Narcissa Whitman

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Narcissa Whitman
Narcissa whitman nps.jpg
Narcissa Whitman
BornMarch 14, 1808
DiedNovember 29, 1847(1847-11-29) (aged 39)
OccupationMissionary
Spouse(s) Marcus Whitman

Narcissa Prentiss Whitman (March 14, 1808 – November 29, 1847) was an American missionary in the Oregon Country of what would become the state of Washington. On their way to found the Protestant Whitman Mission in 1836 with her husband, Marcus, near modern-day Walla Walla, Washington, she and Eliza Hart Spalding (wife of Henry Spalding) became the first documented European-American women to cross the Rocky Mountains. [1]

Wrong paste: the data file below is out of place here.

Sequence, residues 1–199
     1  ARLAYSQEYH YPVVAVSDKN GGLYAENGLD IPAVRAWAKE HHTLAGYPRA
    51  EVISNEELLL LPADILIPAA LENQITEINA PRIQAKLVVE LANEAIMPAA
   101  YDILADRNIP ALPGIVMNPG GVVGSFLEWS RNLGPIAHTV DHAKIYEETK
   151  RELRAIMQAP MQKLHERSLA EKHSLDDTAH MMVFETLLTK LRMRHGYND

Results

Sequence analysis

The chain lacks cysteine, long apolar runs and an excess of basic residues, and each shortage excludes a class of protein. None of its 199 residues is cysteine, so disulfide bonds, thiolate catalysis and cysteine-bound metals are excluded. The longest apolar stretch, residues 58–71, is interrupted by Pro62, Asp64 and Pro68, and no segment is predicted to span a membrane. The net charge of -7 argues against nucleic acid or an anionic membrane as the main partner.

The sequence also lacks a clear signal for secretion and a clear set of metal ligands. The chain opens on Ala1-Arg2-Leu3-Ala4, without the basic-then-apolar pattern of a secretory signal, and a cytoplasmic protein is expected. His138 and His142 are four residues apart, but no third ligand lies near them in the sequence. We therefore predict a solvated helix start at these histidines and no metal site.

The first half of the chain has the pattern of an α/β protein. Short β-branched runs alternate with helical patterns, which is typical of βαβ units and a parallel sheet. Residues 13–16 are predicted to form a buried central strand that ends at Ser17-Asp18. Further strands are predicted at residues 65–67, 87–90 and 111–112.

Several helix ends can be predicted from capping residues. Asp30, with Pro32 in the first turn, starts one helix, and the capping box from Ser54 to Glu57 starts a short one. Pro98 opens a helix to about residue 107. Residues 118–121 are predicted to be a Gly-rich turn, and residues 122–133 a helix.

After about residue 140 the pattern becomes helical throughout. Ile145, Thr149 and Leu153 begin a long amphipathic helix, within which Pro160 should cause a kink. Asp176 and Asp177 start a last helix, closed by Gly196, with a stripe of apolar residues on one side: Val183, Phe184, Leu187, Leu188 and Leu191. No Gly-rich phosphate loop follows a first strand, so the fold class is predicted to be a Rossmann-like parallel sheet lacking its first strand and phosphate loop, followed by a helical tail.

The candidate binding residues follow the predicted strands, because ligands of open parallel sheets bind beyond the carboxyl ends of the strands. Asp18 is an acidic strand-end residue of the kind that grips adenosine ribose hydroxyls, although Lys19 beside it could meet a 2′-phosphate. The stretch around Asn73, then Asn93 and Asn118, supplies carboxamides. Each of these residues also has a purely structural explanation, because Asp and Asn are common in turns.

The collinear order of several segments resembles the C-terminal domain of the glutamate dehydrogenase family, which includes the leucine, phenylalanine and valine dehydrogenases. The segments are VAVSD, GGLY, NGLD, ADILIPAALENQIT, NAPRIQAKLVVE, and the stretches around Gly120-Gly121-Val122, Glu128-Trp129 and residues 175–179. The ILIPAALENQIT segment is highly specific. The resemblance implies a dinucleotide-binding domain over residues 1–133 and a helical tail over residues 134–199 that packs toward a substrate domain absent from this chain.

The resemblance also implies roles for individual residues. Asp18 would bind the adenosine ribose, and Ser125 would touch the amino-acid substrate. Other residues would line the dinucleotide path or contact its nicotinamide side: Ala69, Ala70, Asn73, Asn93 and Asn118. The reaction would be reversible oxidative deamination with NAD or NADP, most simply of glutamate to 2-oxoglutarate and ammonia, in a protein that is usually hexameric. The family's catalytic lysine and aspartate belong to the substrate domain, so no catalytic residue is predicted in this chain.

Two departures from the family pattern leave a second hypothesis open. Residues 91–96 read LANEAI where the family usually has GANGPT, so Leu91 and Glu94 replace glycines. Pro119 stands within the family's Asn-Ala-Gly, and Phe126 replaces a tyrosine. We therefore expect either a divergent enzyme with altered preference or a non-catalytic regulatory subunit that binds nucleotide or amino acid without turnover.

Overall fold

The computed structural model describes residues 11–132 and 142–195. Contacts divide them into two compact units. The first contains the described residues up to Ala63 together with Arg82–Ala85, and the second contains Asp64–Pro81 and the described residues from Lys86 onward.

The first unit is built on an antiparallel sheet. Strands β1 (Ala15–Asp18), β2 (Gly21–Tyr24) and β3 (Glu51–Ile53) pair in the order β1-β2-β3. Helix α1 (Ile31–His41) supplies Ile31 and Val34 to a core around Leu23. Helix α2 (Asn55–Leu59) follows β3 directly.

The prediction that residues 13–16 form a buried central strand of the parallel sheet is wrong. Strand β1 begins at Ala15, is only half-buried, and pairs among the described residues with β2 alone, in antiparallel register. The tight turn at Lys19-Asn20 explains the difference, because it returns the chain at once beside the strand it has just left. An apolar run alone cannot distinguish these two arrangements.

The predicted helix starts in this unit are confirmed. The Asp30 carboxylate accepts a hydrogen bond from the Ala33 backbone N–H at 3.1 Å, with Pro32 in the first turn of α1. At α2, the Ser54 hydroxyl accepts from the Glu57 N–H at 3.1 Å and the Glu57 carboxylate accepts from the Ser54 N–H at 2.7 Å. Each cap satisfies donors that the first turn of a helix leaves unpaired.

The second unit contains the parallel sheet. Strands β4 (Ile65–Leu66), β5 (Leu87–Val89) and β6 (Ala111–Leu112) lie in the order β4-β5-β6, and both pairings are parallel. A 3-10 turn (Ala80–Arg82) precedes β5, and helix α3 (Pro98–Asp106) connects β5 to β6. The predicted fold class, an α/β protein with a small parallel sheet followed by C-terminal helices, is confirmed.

Contents

Early life

Narcissa Prentiss was born in Prattsburgh, New York, on March 14, 1808. She was the third of nine children of Judge Stephen and Clarissa Prentiss, and the oldest of the five girls, followed by Clarissa, Mary Ann, Jane, and Harriet. She also had four brothers. For a time, she taught primary school in Prattsburgh. Like many young women of the era, she became caught up in the Second Great Awakening. She decided that her true calling was to become a missionary, and was accepted for missionary service in March 1835. [2] She was educated at the Franklin Academy in Prattsburgh before her marriage to Dr. Marcus Whitman on February 18, 1836 in Angelica, New York. [3] Her birthplace in Prattsburgh is open to the public as the Narcissa Prentiss House. [4]

Journey west